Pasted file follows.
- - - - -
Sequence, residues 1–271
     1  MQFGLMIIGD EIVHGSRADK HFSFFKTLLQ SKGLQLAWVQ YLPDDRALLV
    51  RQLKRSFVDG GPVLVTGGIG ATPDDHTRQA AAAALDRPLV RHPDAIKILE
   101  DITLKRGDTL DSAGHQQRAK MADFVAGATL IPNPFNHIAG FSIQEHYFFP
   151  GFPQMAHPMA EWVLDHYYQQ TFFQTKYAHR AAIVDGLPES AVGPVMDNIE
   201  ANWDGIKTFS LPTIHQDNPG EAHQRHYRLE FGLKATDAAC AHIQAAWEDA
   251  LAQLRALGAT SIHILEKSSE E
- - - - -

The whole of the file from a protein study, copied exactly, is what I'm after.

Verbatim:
Sequence, residues 1–271
     1  MQFGLMIIGD EIVHGSRADK HFSFFKTLLQ SKGLQLAWVQ YLPDDRALLV
    51  RQLKRSFVDG GPVLVTGGIG ATPDDHTRQA AAAALDRPLV RHPDAIKILE
   101  DITLKRGDTL DSAGHQQRAK MADFVAGATL IPNPFNHIAG FSIQEHYFFP
   151  GFPQMAHPMA EWVLDHYYQQ TFFQTKYAHR AAIVDGLPES AVGPVMDNIE
   201  ANWDGIKTFS LPTIHQDNPG EAHQRHYRLE FGLKATDAAC AHIQAAWEDA
   251  LAQLRALGAT SIHILEKSSE E